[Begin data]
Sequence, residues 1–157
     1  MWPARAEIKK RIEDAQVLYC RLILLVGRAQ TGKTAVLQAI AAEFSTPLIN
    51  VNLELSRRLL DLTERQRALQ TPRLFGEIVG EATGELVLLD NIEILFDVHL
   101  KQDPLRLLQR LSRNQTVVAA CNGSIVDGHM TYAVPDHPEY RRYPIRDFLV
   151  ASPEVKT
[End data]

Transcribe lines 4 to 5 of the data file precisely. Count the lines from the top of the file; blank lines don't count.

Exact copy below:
   101  KQDPLRLLQR LSRNQTVVAA CNGSIVDGHM TYAVPDHPEY RRYPIRDFLV
   151  ASPEVKT